AS: Sometimes harder, or sadder songs and albums resonate more when you’re going through tough times.

BD: Oh for sure. There’s nothing wrong with being sad and sometimes you don’t really want to come out of it. You need to sink deeper into a process to really work through it. I’ve never been the type of person that wants to force happiness. I’m not saying that I’m not a happy person. For the most part, I’m all smiles, but I’m not against feeling sad. At the end, it ended up being a mournful-sounding record. There’s a lot in there that goes along with what was going on in everybody’s personal lives.

AS: Were any of the songs on Hushed and Grim ones you had shelved for some time?

BD: We always have a surplus and a bunch of loose leaf [notebooks of] ideas. We call them homeless riffs that you always like but they never got their day because they just didn’t get linked up with anybody or never found a home. There’s always one or two stragglers that finally make the cut. The main riff for “Gigantium” is one that I have been kicking around for three years.”

AS: Are you one of those bands that feels a detachment from an album once it is released and out in the world, or are you still soaking in Hushed and Grim?

BD: I’m still listening to it, maybe not as much as I was throughout the whole process. That’s like the honeymoon period. You’re slowly falling in love with it as you move through the process of writing it. When it’s coming together in the demos, I get all these big feelings, but as it moves closer to the release date, you listen to it not as much. Now it really comes down to learning how to play all the songs, and figuring out what songs are going to be live. That’s a whole other rediscovery. I’m excited to play “Pain with an Anchor,” “Gigantium,” and “Gobblers of Dregs,” but we don’t want to punish people with too many new songs.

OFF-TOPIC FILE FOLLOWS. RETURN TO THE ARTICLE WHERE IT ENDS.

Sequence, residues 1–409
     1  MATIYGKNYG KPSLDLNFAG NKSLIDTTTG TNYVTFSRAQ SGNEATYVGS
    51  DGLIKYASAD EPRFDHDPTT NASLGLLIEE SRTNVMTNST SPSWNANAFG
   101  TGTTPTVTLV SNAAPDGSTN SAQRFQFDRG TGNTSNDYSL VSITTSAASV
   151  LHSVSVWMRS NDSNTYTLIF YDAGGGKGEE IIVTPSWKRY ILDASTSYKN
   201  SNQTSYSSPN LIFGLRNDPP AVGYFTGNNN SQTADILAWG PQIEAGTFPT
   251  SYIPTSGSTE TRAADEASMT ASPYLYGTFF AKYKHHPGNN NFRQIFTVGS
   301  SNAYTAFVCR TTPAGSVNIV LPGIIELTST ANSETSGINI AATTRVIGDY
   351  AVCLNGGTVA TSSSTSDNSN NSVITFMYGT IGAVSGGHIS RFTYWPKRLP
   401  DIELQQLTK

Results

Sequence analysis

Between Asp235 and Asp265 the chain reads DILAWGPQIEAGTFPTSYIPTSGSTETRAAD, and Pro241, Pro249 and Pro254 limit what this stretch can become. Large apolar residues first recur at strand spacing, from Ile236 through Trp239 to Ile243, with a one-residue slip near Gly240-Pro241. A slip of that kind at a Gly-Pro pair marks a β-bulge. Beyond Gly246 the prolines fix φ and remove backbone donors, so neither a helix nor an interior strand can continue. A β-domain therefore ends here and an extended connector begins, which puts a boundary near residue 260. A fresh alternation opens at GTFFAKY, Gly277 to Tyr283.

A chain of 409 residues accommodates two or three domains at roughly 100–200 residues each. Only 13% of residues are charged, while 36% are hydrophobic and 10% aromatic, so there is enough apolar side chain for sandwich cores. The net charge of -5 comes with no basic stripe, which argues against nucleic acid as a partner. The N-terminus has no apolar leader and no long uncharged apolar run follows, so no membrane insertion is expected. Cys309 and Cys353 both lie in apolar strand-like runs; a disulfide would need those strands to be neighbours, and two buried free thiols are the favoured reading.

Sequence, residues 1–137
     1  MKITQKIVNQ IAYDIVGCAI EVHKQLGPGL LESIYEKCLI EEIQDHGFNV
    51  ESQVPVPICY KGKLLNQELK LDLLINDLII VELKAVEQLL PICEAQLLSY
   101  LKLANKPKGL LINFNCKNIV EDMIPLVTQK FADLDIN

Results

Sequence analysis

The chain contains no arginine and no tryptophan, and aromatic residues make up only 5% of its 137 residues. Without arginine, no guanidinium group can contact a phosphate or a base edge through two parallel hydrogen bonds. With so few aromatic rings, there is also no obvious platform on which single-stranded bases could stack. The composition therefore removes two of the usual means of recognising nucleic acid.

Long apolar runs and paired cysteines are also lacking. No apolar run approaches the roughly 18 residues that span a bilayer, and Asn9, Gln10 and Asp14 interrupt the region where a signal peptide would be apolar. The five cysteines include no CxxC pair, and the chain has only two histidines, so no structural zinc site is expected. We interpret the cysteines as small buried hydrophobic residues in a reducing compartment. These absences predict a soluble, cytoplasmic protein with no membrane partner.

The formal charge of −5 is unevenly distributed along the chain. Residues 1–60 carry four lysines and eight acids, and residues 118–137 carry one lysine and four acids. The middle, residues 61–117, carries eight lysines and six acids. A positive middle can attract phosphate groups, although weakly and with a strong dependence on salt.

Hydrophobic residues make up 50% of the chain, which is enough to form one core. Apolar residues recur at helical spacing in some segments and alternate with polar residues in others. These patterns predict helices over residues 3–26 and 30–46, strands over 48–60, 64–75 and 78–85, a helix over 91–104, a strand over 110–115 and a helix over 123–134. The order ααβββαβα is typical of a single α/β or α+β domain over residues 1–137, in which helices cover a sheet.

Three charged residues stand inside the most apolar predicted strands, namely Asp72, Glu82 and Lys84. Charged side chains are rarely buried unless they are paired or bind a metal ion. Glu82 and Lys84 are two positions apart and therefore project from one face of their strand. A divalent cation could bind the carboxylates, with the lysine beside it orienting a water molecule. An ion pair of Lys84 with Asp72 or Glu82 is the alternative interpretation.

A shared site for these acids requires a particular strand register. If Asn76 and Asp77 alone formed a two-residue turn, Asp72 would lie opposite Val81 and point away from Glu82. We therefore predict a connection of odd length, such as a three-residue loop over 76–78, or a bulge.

Mastodon (Photo: Jimmy Hubbard)

AS: It’s almost 20 years now with Mastodon. Do songs still come together for you in the same way?

BD: I don’t know if the process is necessarily that much different but now there’s more of an ability to capture things immediately. We do a lot of writing in Bill’s basement. He’s got a little home studio down there, so we sit down there at nine o’clock in the morning with a couple of cups of coffee. That was the way we did it in the beginning because we all had day jobs and we had a meet-up at night and remember a riff or lyric for a song. We still do that, but now we have a lot more stuff to choose from. If we like something, we immediately record it so it’s there for us later if we need to recall it. If it makes the hair stand up on the back of your neck at some point, that means it’s good. That’s our barometer.

AS: Does it feel like it’s been nearly 20 years since Remission [2002]?

BD: I only think about it when people bring it up. I don’t feel like we’re an older band, but then I try to put it in a different perspective. My perspective would be trying to think about other bands that I know have been together for that long, but also the perspective of being 15 and watching classic videos on Headbangers Ball like “Paranoid.” I still thought it was awesome, because I love Black Sabbath, but I was like, “God, these guys are old.” I did the math, and they were about 20 years old [at the time of the video], and then their band was 20 or so years old. They went through so many different versions of themselves throughout those 20 years. When you’re 15, if someone’s 30, you think they’re 60, so there’s that strange, young person’s perspective to take into account. When we first started touring with Slayer in 2004, they were already together around 21 years at that point. Maybe we are an old fart band to some teenagers, but I don’t really think about that. I’m just excited that we’ve kept the same four guys together for this long. I think that’s cool.

Photo by Clay Patrick McBride/Warner